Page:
SAP and Siemens have recently announced a strategic partnership largely in recognition that both companies are philosophically aligned around the concept of leveraging a true “digital thread” to provide previously unachievable levels of innovation, efficiency, and accelerated industrial transformation to our joint customers. It’s been the dream of every manufacturer, product design team, and service lifecycle manager to have a single digital thread that integrates all the real-time information, feedback, performance, and data on a product from cradle to grave. The vision is that every downstream team will have in-the-moment access to what every other group is doing. Processes will go from reactive to predictive. SAP and Siemens have been pursuing a version of this vision independently up to now, and now we have aligned forces in the engineering and asset management domains, and our customers are understandably excited about the possibilities. However, at this point in time, SAP and Siemens have agreed to continue to provide customers a choice in the manufacturing domain (i.e., we do not have a joint, aligned strategy), and the two companies will consequently provide two different perspectives here. As a result of having different strategies and perspectives for data flows and solution architectures for manufacturing, each company will provide two different sets of attainable value, and it’s up to each of our customers to decide which value set is most important to them.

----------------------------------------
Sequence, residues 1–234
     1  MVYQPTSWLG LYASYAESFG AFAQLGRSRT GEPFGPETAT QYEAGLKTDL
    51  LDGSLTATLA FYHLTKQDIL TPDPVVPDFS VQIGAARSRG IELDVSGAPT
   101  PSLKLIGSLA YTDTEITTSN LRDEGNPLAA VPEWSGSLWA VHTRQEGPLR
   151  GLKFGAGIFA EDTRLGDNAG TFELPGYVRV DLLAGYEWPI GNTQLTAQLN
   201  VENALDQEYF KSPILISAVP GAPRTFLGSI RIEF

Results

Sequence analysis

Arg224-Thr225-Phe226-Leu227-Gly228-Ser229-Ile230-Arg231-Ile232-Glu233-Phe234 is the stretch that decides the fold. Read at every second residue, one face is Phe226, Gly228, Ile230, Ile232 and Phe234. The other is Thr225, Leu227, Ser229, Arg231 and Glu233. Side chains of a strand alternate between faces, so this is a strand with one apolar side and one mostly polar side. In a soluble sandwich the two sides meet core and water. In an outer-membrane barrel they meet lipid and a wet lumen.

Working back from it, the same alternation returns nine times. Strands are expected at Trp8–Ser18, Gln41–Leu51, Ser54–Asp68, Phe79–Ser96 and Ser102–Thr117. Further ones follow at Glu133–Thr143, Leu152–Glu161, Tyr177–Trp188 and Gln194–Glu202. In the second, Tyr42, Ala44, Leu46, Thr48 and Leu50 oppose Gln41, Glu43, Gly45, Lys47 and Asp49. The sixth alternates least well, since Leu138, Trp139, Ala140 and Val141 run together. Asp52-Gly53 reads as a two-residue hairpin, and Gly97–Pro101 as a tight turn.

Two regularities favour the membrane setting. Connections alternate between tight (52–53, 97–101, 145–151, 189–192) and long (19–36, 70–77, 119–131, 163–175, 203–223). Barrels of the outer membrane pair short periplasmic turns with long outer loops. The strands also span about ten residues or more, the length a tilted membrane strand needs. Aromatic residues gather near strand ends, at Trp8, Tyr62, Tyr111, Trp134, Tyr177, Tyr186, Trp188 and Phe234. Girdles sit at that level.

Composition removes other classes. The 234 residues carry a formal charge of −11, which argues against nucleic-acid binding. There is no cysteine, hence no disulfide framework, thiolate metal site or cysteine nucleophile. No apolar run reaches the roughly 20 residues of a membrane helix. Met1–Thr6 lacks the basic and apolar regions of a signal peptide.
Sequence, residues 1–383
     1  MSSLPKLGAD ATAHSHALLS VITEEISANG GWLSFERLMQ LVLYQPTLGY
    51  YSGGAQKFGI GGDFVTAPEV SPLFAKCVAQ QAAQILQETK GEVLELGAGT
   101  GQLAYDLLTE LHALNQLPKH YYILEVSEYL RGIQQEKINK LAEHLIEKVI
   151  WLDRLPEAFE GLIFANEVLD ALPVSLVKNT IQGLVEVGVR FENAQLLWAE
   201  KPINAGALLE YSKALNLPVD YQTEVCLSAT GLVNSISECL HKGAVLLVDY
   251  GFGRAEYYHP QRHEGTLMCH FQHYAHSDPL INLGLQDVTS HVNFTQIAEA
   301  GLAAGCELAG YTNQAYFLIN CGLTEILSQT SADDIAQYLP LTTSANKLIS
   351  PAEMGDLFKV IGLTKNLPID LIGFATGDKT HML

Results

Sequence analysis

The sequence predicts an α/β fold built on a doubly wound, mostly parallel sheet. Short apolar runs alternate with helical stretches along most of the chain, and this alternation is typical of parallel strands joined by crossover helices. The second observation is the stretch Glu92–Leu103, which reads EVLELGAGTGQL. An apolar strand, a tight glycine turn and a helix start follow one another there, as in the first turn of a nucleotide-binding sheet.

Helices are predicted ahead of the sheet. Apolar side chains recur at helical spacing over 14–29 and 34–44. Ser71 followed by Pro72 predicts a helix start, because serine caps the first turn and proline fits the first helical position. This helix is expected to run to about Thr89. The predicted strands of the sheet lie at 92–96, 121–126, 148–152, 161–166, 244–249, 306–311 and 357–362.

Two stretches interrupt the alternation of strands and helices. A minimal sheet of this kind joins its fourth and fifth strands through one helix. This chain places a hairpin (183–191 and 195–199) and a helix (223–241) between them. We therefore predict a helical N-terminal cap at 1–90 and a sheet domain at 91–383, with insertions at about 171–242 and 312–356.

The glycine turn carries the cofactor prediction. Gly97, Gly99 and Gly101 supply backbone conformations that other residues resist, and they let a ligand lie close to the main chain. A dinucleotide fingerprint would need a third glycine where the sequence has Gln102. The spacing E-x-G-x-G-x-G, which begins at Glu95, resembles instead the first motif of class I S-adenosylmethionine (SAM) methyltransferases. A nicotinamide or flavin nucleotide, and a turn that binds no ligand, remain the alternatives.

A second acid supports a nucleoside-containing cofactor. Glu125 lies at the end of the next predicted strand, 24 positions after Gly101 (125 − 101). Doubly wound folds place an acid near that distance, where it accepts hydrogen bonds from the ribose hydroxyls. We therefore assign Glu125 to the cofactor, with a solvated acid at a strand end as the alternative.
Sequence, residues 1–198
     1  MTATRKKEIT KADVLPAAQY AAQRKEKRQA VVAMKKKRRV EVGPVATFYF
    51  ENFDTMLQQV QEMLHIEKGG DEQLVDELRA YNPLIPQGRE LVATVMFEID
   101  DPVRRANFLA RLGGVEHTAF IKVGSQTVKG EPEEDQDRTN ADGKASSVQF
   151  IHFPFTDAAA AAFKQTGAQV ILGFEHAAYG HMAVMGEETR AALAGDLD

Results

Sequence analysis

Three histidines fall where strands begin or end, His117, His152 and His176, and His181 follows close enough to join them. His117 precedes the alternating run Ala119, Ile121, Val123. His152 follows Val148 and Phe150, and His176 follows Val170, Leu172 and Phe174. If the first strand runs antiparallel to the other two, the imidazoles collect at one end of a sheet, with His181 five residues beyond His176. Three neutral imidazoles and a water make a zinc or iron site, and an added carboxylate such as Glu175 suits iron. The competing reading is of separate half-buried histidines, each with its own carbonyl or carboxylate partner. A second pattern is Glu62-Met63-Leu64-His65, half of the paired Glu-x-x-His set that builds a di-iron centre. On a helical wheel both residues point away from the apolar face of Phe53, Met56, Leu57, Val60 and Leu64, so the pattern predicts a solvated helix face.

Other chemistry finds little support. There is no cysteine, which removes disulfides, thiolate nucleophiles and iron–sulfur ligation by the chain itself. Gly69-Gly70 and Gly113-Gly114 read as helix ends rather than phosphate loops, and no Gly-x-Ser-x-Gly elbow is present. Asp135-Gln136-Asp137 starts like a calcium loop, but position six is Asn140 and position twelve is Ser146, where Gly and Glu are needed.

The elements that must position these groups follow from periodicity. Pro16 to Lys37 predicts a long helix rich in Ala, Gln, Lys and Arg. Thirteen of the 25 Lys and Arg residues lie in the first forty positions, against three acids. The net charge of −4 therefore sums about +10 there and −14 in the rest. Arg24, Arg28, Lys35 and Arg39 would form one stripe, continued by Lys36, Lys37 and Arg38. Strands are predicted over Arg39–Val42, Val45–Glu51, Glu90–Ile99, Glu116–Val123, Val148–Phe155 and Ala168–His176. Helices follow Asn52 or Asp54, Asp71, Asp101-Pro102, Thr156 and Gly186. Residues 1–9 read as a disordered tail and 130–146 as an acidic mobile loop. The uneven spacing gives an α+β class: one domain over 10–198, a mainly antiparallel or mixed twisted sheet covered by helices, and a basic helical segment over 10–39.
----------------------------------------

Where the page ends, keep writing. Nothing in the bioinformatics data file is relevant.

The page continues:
From SAP’s perspective, it is essential that manufacturing execution be as close as possible to supply chain business processes – planning, procurement, warehouse/inventory management, logistics – and embedded with other core ERP functions such as finance, project systems, and quality management. If you’re an A&D company, your corporate Executive Leadership Team describes in detail in its Annual Report the risks to company profitability, and they usually include such things as a preponderance of fixed price contracts and performance penalties, compliance with government defense accounting regulations, environmental compliance, quality issues, supplier performance, material availability, inaccurate cost estimates, cyber threats, improper cost allocations, and adverse findings from DCAA/DCMA audits. Most A&D companies today largely mitigate these risks with the help of technology enablement from SAP, and it is therefore imperative from a business risk and profitability perspective to maintain a seamless and transparent flow of process and data between manufacturing and the business in your production programs.